This results in success as well, hence your script is vulnerable. The reason it works is because P2 is never verified to be the public key that is specified by the hash. The script interpreter does not know or care that this could be a standard script, so it does not know to enforce that P2 has to be the same as P1. The script itself needs to do that, and this script fails to do that because it does not tell the interpreter to check that the two stack elements are equal.

As for how this could be exploited, anyone who observes the transaction with your intended input script would learn what P1 is. Then anyone can copy that P1 and produce a transaction that has the second script with P2.

Lastly, let's look at how the actual script with OP_DUP works. The output script is OP_DUP OP_HASH160 <push(hash(P1))> OP_EQUALVERIFY OP_CHECKSIG and the input script is <sig with P1> <P1>

Remaining Script Current Operation Resulting Stack (top is first)
<push(P1)> OP_DUP OP_HASH160 <push(hash(P1))> OP_EQUALVERIFY OP_CHECKSIG <push(sig with P1)> <sig with P1>
OP_DUP OP_HASH160 <push(hash(P1))> OP_EQUALVERIFY OP_CHECKSIG <push(P1)> <P1> <sig with P1>
OP_HASH160 <push(hash(P1))> OP_EQUALVERIFY OP_CHECKSIG OP_DUP <P1_dup> <P1> <sig with P1>
<push(hash(P1))> OP_EQUALVERIFY OP_CHECKSIG OP_HASH160 <hash(P1_dup)> <P1> <sig with P1>
OP_EQUALVERIFY OP_CHECKSIG <push(hash(P1))> <hash(P1)> <hash(P1_dup)> <P1> <sig with P1>
OP_CHECKSIG OP_EQUALVERIFY <P1> <sig with P1>
OP_CHECKSIG <true>

This is secure because we duplicate P1 exactly and then hash it and check the hashes. Because we duplicated it, we know that it must be the same and if the hashes match, then the original also has the same hash. This ensures that the public key that we use in the OP_CHECKSIG is the public key that was intended.

Of course this assumes that OP_DUP duplicates exactly as we expect it to. This is a reasonable assumption - we're assuming that all of the other opcodes work as we expect them to as well. If we didn't, then any script could verify because the opcodes could be doing anything.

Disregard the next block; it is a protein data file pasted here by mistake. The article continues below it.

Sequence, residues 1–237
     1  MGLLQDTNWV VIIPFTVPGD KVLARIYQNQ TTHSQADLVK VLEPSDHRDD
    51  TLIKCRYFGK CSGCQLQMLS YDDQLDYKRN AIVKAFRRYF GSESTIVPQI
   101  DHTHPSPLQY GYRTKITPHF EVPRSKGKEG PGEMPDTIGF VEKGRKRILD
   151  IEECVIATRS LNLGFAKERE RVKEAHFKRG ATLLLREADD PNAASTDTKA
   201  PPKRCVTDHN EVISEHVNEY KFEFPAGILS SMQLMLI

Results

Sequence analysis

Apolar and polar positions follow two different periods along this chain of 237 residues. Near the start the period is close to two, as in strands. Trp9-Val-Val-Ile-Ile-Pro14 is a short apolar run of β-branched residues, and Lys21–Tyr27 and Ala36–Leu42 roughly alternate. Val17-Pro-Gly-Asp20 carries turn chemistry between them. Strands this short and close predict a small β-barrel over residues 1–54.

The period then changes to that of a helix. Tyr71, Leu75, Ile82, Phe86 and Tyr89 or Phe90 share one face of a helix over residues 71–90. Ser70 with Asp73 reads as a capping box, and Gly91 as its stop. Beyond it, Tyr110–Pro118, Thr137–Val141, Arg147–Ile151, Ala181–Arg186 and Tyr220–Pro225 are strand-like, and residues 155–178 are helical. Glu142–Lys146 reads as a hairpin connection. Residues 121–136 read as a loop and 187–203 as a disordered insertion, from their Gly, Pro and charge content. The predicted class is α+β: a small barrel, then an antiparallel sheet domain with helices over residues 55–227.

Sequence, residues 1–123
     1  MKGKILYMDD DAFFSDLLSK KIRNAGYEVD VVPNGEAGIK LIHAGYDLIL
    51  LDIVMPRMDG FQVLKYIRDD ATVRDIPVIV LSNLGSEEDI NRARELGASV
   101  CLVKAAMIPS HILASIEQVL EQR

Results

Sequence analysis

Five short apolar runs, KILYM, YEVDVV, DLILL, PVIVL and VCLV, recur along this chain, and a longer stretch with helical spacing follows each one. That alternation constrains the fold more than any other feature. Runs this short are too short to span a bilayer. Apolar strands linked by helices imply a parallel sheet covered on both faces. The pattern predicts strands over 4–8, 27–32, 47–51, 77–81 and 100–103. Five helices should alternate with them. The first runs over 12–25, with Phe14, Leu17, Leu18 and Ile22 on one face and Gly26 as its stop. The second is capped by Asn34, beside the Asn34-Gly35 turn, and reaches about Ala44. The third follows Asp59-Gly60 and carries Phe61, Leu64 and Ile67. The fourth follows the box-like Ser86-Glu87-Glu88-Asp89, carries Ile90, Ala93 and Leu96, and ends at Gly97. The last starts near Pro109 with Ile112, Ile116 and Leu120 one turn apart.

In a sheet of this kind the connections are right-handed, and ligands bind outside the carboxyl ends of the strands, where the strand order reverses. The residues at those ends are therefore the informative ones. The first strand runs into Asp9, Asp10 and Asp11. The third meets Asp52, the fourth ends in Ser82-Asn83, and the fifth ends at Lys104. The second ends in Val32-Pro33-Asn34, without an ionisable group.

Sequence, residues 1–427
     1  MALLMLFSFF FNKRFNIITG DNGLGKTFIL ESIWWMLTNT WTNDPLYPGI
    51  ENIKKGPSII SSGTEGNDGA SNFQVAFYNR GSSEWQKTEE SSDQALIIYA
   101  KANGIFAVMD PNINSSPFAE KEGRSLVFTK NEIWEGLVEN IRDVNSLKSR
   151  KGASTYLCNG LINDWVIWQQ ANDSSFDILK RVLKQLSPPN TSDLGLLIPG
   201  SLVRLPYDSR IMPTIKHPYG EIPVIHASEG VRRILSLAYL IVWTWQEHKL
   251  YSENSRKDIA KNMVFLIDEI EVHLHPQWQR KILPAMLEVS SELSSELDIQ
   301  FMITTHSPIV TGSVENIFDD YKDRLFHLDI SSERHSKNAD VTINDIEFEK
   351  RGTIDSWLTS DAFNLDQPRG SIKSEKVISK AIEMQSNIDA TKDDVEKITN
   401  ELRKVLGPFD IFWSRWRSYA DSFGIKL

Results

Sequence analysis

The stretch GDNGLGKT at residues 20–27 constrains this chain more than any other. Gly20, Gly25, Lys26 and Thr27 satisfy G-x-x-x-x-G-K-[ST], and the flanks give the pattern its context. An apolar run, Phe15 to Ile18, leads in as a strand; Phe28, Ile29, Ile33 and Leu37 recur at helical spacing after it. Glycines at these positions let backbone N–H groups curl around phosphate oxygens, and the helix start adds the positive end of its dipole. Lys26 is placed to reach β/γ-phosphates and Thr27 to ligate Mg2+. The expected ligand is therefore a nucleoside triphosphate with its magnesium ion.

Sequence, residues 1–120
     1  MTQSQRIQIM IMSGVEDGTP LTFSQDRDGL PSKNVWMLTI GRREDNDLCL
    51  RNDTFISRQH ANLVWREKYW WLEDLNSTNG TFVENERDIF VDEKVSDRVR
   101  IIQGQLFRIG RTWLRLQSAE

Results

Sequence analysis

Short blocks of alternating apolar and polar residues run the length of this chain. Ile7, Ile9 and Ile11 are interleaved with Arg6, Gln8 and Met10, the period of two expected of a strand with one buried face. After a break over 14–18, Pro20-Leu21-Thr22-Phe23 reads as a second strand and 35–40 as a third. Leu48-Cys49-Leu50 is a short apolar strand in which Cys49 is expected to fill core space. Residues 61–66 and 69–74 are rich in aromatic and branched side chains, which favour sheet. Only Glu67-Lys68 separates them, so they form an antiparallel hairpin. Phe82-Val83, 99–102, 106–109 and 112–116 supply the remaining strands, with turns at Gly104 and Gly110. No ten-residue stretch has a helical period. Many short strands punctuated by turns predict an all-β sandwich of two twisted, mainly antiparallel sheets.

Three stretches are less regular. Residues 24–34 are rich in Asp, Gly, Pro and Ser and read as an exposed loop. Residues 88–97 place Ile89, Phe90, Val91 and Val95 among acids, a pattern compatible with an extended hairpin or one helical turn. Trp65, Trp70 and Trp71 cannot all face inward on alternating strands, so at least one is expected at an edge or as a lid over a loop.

Lastly, the script interpreter could have been written to give your script special treatment. It could have been written to behave differently if it saw this particular script template and verify that the top two stack elements were identical. Then this would not be vulnerable. However it is not written that way, and so we cannot rely on this behavior. Furthermore, the script construction that you have described is also inefficient. It's a harder template to match, and it requires actually providing duplicated public keys, which for some transactions, can result in a significant portion of their size. This will then result in increased transaction fees and less block space. So overall, the DUP method is more concise and safer.

It should also be noted that Segwit does introduce a simple single key construction that doesn't actually rely on script and is really just template matching. This is likely more in line with what you are suggesting.

3
  • First of all thank you for the detailed and timely response. I suppose my follow up is to question WHY the interpreter is written to be so dumb? We do a lot of work in bitcoin to generate valid outputs, verification of those outputs might be more expensive to do with a smarter interpreter but it would be very secure would it not?